At 7:30 this morning it was 28 degrees. Yay, I thought as I readied to leave the house. Below freezing! This is perfect weather in April: below freezing nights and mornings with temperatures climbing in the afternoon, and if there is sun, even warmer temps.
Every year I look forward to the opening of the the Park roads here in Yellowstone. But I look forward to it not for work, or even hiking. I look forward to mid April when I can drive to Swan Lake Flats. I look forward to being able to strap on skis, look around, and connect those white spots of snow. Today Diane and I hesitated. This year the sagebrush-filled spaces seemed larger and the white snowy spaces smaller. We looked and pointed, saying: ‘I think we can get over there, that snow looks like it connects to that other snow on the hillside…’
And indeed, we connected those puzzle pieces of snow as we cruised the crust back toward Quadrant Peak. Crust cruising is what we call that early spring skiing, when warm days and freezing nights create a thick crust on the morning snow that enables one to ski just about anywhere, gliding along away from any sort of trail. I love it.
The only part of crust cruising that I don’t love is the early morning alarm. Get out there while the snow is still cold and hard, ski until the snow softens and get back to the car by noon or 1:30pm. As much as I hate that early alarm, especially when working mega hours teaching, crust cruising is well worth opening my eyes when they would prefer to stay closed.
This year, though we had more snow than last, bare spots seemed to be larger, the sagebrush poking out and greening much of the land. Diane, and I headed out in the chill morning air, sun just rising over Bunsen Peak. We’ve done this multiple years now, so much that it feels like an annual tradition. We ski and explore places not visited for so long they seem new. We find different things—this year two bull bison had died over the winter, leaving their bones for us to discover and wonder over.
Another tradition has also been a huge part of my April for the last 6 years. The Naturalist Guide Certification Class takes over my life for the month of April. Connecting snow puzzle pieces on Saturday turns to connecting students to the resource Monday through Friday. This class uses Yellowstone as a vehicle to teach the hows and whys of interpretation. How do you involve your audience? How do you make it relevant and enjoyable for them, and thus for yourself? As I teach these concepts I continually ask myself how can I reach my audience, how can I engage them more fully? I grade myself on their success.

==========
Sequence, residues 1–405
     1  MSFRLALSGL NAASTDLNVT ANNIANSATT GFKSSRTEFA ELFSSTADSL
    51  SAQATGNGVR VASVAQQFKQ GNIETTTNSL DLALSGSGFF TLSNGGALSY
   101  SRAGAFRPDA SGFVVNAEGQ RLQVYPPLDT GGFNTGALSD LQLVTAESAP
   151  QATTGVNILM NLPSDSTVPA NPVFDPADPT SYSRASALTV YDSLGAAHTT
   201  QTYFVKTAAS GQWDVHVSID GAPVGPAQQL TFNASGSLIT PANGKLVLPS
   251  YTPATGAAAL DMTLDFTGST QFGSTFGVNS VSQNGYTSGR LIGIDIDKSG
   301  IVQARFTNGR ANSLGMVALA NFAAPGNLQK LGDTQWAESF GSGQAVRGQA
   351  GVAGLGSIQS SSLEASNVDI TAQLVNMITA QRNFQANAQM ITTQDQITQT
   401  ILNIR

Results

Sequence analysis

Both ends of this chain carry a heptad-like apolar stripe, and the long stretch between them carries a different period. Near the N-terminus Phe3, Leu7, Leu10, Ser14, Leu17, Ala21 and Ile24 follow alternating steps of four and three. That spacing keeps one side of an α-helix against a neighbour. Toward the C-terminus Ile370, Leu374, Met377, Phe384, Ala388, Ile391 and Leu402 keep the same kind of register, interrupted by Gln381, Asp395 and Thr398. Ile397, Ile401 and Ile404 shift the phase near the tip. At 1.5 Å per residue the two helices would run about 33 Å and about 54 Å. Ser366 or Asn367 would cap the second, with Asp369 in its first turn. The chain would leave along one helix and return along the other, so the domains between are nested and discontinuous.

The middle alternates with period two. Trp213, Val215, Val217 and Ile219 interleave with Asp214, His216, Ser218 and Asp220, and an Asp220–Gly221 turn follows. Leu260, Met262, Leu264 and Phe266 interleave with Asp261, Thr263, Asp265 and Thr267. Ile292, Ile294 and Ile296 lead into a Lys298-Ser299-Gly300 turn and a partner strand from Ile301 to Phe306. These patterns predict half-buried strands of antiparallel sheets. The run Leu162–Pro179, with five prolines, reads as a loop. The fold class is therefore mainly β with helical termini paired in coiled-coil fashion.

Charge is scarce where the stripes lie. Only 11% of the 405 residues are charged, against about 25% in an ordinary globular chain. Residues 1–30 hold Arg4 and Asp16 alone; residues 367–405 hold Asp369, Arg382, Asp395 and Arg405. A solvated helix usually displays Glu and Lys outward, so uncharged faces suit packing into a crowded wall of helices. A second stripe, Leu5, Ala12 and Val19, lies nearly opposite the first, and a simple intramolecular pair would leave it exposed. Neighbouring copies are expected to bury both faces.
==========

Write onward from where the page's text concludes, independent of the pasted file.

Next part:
This year, Diane and I explored a new area above Swan Lake Flats. In the end, we had to take our skis off briefly, climb down to the bottom of a steep gully and clean mud out of our bindings before slapping skis back on and side-stepping up the other side. Like the Naturalist Guide Class, I thought as i picked my way down. When we explore a new idea or skill, sometimes we have to take our skis off and get dirty in the mud, maybe slipping along the way. But perseverance brings us through that tough spot and back into the smooth cruising of white snowy crust.
Almost back to the truck, Diane and I crossed grizzly bear tracks. We stopped, exclaimed, photographed. Then I found our earlier tracks. The grizzly prints imprinted over our original outgoing tracks, meaning it had passed this way between the time we left the truck and the time we returned. We paused, breathed and looked around.
“Science cannot solve the ultimate mystery of nature. And that is because, in the last analysis, we ourselves are part of the mystery that we are trying to solve.” Max Planck